The Life-Line Clinic, Namibia | Job Oppurtunity

Namib Naukluft National Park, NamibiaNamibia Medical volunteer
This challenging programme offers you a unique opportunity to work at a small, rural Bushman clinic in Africa and make a difference to the lives of those in most need.
N/a’an ku sê is a unique and special place in the heart of Namibia which is committed to conserving wildlife and improving the lives of the Bushman community. Live your African dream and help make a difference by volunteering at our Lifeline Clinic.

About N/a’an ku sê’s Lifeline Clinic
• Bushman are treated as third class citizens and live in extreme poverty
• Adult onset diabetes, cardiovascular disease and cancer are sharply increasing in Bushmen and alcoholism has become prevalent
• Many Bushman children suffer from malnutrition, disease, discrimination and abuse

The N/a’an ku sê Lifeline Clinic was set up in 2003 to address the needs of the rural indigenous communities in Epukiro, a remote part of Namibia. The demand for a basic but comprehensive health service became apparent to medical professionals working in the area when they witnessed the tragic and unnecessary death of a young child due to the failure of ambulance service and hospital staff, largely due to the fact that the child was a Bushman.   This vital service relies upon the time and dedication of volunteers and donations from supporters to continue to run and serve the communities in need.

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Heat related injuries in extreme desert conditions

Operating in extremely hot conditions creates a unique set of medical risks. In the link is the medical outline – for non medics, regarding those risks from the Namibia Ultra Marathon training guide.

DEHYDRATION
Dehydration is the most common heat related illness – in fact, it is thought that dehydration could be the single greatest threat to the health of an athlete. When training regularly and for long distances, fluid intake should be made a priority. You must drink fluids all day – not just during training. 

Don’t depend on feeling thirsty to tell you when to drink. Thirst is a late response of the body to fluid depletion. Once you feel thirsty, you are already low on fluids. The best indicator of proper fluid levels is urine output and colour. Ample urine that is light coloured to clear shows that the body has plenty of fluid. 

Dark urine means that the body is low on water, and is trying to conserve its supply by hoarding fluid which means that urine becomes more concentrated (thereby darker). 

Dehydration can be the cause of feelings of fatigue or exhaustion – at all times watch out for signs of dehydration and take on water regularly through out the day. 

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Off road vechicle safety by our offroad guru in Namibia Faan Oesthuizen

Expedition and Wilderness Medicine recently ran it first highly succesful Desert Medicine course in Namibia and it was highlighted on the course that one of biggest dangers facing you in remote locations is actually the travel there and back in local transport.

Below Faan Oesthuizen of Kaurimbi Expeditions gives his top tips for defensive four wheel driving.

High lift jack demonstration

High lift jack demonstration

  • Only place light bulky cargo on roof racks or high on vehicles in order to keep the centre of gravity as low as possible.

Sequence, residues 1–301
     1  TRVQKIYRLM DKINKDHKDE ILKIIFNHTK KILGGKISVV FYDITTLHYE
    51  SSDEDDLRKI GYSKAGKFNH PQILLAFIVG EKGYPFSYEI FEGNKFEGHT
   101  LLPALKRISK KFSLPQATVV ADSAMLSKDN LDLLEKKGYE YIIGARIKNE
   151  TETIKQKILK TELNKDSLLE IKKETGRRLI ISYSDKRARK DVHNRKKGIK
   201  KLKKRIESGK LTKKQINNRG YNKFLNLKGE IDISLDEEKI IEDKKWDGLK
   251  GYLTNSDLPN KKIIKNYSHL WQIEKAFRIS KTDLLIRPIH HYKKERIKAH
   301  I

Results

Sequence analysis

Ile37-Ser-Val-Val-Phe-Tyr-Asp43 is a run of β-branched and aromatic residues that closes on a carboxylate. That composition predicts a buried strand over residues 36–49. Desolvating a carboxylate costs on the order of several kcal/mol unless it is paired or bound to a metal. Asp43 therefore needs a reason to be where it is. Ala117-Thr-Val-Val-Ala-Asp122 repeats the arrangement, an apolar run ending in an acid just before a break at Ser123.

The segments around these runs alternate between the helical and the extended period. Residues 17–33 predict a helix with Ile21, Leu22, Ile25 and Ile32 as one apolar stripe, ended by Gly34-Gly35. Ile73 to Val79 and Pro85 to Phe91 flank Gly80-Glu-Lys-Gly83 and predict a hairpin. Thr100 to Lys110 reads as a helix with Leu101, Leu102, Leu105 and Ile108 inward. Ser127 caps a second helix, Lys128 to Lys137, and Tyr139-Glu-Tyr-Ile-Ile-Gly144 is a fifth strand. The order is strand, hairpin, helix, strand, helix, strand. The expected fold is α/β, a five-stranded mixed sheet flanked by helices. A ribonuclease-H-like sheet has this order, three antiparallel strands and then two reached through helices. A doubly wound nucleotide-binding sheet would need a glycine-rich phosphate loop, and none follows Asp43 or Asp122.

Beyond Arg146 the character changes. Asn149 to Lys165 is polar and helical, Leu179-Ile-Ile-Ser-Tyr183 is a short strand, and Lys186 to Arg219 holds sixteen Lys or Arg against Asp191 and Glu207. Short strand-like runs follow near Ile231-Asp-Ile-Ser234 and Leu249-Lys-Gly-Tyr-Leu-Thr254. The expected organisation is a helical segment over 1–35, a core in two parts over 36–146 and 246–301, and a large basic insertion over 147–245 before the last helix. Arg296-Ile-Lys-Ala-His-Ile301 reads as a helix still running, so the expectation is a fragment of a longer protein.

• Place heavy cargo low in vehicle load beds and as far as possible forward in order to distribute more weight onto the front wheels and avoid uncontrolably light steering response.
  • Ensure that luggage is stowed where no damage to property may ensue.
  • Ensure that all cargo is thoroughly secured in load bins or tied down to prevent loss of equipment and luggage while vehicle is moving or stationery.
  • Driving on Gravel and Dirt Roads:  It is of critical importance that a speed of 80 km per hour is never exceeded whilst driving on gravel or dirt roads.  Speed will be further reduced when approaching curves or blind rises in the road, or when approaching oncoming traffic.
  • Overtaking should be kept to a minimum whilst driving on gravel or dirt roads. Following distances will be kept sufficiently long as to ensure that driving in the front vehicle’s dust is avoided at all costs.
  • Great care will be taken by all drivers to sufficiently reduce speed prior to entering bends or curves in the road, and that extreme control is maintained to prevent the vehicle from losing its traction whilst negotiating the bend.
  • You should at all times ensure that you have as the absolute minimum 2 x 25 litre containers of water, a jack, spare tire, tow rope and jump leads

Remote wilderness medical cover in arid environments.

Desert Medicine training course Namibia

Desert Medicine training course Namibia

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This has got to be one of the most superbly located medical training courses in the world. With a base camp in the shadow of the countries highest mountain – Burnt Mountain or Brandberg in a river valley frequented by desert elephants the training syllabus with explore this region as well as the plains in the foreground.

As well as the obvious training benefits we also hope to see the elusive desert adapted rhino and elephants, giraffes, oryx (gemsbok) as well as more common plains animals such as Thompson’s Gazelles, Ostriches and Hartman’s Mountain Zebras

The course is filling fast so to make sure you get a place email Catherine Harding or download a Desert Medicine course application form here.

Accredited Wilderness Medicine Remote Medicine CME programs

Jobs for Wilderness Medics